Bench Memos

Law & the Courts

This Day in Liberal Judicial Activism—April 7

(Brendan McDermid/Reuters)

1969—Justice Thurgood Marshall’s majority opinion in Stanley v. Georgia declares that the First Amendment forbids criminalizing the possession of concededly obscene material. Marshall blithely distinguishes away the Court’s previous categorical statements that obscenity is not protected by the First Amendment. Stanley, Marshall grandiosely proclaims, is asserting “the right to satisfy his intellectual and emotional needs in the privacy of his own home.” Yep, that carefully captures what viewing obscenity is all about. (Three justices, including Brennan, decline to join Marshall’s opinion and instead separately find a Fourth Amendment basis for vacating Stanley’s conviction.)

1969—In majority opinions by Justice Brennan in Kirkpatrick v. Preisler and Wells v. Rockefeller, the Supreme Court, building on its 1964 ruling in Wesberry v. Sanders (see This Day for February 17), rules that the states, in crafting their congressional redistricting plans, must aim to “achieve precise mathematical equality” in the populations of congressional districts. It rejects the argument that there is any “fixed numerical or percentage population variance small enough to be considered de minimis.”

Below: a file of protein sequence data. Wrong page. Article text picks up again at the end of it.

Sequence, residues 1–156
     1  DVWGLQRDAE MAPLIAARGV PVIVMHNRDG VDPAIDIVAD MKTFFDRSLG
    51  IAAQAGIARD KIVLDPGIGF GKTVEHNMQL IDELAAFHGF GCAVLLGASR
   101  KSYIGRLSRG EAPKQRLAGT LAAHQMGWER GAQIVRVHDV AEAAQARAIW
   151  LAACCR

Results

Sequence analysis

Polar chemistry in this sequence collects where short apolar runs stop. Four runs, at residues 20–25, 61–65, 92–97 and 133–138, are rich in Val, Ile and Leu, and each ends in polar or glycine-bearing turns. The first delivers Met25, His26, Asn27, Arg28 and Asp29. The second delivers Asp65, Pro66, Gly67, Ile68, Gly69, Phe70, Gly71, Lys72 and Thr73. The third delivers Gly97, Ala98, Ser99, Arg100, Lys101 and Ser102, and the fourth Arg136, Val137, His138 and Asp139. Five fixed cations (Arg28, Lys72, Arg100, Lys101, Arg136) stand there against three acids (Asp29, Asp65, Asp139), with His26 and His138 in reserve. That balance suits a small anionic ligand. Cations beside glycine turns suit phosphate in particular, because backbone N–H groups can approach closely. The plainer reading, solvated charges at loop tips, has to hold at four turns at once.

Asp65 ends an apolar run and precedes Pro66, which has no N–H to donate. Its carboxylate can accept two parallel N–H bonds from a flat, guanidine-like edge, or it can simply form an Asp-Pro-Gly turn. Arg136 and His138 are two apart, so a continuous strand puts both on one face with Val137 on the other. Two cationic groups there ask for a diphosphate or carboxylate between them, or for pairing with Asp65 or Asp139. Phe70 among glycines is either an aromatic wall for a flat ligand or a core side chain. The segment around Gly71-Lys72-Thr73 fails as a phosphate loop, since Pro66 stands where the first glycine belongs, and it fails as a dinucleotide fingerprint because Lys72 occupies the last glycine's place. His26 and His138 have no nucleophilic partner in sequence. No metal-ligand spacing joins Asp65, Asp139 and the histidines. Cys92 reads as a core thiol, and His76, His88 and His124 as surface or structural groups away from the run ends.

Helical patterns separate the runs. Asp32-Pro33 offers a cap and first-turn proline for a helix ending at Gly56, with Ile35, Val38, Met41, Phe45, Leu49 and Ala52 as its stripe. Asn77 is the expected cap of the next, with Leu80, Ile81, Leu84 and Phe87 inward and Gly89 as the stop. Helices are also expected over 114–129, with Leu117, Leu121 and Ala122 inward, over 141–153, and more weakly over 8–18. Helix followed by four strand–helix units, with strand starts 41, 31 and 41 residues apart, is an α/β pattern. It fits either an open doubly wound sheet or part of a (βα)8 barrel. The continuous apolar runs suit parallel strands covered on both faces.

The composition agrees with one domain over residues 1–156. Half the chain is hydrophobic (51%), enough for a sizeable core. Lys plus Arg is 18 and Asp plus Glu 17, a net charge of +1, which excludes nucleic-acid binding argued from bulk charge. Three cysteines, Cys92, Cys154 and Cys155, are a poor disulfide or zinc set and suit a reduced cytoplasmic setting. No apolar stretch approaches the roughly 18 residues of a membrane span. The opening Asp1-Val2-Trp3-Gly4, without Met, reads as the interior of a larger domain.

In dissent, Justice Harlan laments that the Court “transforms a political slogan [‘one man, one vote’] into a constitutional absolute”:

Strait indeed is the path of the righteous legislator. Slide rule in hand, he must avoid all thought of county lines, local traditions, politics, history, and economics, so as to achieve the magic formula: one man, one vote….

[I]nsistence on mathematical perfection does not make sense even on its own terms. Census figures themselves are inexact; our mobile population rapidly renders them obsolete; large groups of ineligible voters are unevenly distributed throughout the State.

Harlan also presciently observes that “the Court’s exclusive concentration upon arithmetic blinds it to the realities of the political process…. The fact of the matter is that the rule of absolute equality is perfectly compatible with ‘gerrymandering’ of the worst sort.”

Recommended

The Latest